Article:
I work as a senior house officer in a busy district general hospital in London. It is nearly two years since I qualified as a hospital doctor. Educated at a northern comprehensive, I got my A levels and read medicine at King's College, London. It took me eight years to become a junior doctor, but, having enjoyed medicine during university, I am now faced with the grim reality of a future in hospital medicine. I feel unhappy, dejected, frustrated and, above all, undervalued.
The basic hours are 40 a week - looking after patients on the ward. Overtime is part of the job and involves caring for patients out of hours and admitting new patients from casualty. Once a week I expect to work 32 hours straight through and on one out of six weekends I work a 56-hour stretch with an average of three to four hours' sleep a night. My maximum week is 105 hours, but in many hospitals, this can exceed 120 hours.
The work is hard, emotionally demanding and physically draining. Every decision carries potential legal repercussions and, more importantly, may be a matter of life or death for the patient.
How can junior doctors feel valued when our reward is to be the lowest-paid members of hospital staff for out of hours work? Much of our time is spent taking blood, administering drugs and setting up drips. Such tasks could all be carried out by appropriate specialists - only it is cheaper to have junior doctors do it. It is scarcely surprising that there is talk of doctors taking industrial action. I wish I had known when I was a medical student what being a hospital doctor would be like and then I might have made some different choices.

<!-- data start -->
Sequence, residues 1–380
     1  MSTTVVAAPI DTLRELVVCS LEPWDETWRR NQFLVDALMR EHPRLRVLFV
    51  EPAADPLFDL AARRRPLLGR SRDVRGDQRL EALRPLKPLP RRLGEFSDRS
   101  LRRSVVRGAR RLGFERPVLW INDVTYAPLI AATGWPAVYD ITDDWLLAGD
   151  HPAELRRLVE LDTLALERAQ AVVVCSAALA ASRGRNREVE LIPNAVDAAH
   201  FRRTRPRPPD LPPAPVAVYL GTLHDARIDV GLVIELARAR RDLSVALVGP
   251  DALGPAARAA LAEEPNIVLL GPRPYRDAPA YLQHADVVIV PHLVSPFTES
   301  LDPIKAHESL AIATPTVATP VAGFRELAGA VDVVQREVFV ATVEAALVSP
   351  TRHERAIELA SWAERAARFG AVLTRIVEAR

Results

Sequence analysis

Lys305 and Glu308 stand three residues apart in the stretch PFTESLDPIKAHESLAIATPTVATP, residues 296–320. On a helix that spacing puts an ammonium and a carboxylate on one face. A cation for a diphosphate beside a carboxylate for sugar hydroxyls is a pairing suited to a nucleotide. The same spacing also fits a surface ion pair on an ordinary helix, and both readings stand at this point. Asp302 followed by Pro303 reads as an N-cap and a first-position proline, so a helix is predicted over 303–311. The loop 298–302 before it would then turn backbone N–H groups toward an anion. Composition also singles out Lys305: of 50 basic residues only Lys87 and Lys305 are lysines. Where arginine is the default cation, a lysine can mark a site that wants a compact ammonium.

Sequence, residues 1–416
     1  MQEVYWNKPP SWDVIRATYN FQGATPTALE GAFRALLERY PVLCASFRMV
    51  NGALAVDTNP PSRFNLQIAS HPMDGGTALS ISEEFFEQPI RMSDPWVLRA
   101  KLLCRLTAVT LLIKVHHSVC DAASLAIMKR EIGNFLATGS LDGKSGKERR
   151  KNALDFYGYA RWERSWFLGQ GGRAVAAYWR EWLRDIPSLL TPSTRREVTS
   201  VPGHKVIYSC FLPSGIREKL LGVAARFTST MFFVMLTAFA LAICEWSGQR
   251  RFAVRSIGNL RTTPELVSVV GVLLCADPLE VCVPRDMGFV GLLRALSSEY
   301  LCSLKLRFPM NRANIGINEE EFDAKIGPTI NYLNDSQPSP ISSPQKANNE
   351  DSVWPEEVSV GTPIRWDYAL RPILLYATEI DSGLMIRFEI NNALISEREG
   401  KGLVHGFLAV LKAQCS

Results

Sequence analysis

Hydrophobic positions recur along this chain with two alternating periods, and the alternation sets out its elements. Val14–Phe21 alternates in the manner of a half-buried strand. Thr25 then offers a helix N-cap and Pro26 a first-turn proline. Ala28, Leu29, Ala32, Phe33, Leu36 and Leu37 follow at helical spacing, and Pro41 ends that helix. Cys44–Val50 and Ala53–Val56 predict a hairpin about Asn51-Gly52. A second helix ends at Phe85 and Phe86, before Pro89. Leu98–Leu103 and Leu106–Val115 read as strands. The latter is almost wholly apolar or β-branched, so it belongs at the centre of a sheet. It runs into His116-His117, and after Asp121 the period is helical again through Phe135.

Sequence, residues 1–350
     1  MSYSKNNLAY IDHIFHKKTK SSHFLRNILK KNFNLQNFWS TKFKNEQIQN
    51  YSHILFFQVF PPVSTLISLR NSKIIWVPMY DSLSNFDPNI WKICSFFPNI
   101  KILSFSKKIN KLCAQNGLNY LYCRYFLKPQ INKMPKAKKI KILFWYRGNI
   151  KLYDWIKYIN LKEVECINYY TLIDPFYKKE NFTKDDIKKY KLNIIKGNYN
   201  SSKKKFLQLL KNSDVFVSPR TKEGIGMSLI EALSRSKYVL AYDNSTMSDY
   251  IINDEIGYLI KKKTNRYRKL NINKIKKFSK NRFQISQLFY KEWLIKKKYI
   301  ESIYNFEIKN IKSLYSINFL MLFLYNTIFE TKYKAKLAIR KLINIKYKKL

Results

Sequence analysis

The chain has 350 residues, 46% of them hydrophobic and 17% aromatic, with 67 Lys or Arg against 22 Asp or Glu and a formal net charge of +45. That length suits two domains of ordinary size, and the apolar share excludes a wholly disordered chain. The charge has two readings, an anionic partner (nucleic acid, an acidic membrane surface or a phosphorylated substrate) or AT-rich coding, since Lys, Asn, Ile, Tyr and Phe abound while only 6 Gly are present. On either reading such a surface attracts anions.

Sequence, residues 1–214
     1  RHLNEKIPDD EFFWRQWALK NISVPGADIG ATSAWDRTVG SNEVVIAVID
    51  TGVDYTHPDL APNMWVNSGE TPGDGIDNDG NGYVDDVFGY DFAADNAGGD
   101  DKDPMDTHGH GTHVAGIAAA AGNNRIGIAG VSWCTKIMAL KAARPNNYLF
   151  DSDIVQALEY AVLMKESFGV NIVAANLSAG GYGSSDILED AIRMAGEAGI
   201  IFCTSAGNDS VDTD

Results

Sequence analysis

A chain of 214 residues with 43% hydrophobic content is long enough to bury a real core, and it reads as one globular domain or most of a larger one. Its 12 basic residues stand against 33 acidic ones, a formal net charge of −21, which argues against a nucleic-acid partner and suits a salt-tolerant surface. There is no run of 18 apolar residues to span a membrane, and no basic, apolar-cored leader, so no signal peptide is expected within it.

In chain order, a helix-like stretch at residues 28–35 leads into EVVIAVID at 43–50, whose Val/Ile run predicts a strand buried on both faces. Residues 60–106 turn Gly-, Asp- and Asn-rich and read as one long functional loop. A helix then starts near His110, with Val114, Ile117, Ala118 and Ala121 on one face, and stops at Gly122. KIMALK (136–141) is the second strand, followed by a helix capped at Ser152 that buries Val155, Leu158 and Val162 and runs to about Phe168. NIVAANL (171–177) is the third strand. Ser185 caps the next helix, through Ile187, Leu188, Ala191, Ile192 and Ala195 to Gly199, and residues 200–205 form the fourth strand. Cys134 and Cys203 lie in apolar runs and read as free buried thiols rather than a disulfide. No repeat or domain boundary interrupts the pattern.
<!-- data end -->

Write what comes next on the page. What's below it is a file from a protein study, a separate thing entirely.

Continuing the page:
Until the working conditions of junior doctors are improved, the sense of satisfaction and excitement in doing such a demanding job will continue to be overshadowed by the spectre of exploitation. Is it any wonder that doctors like myself are leaving the United Kingdom in droves in search of better treatment?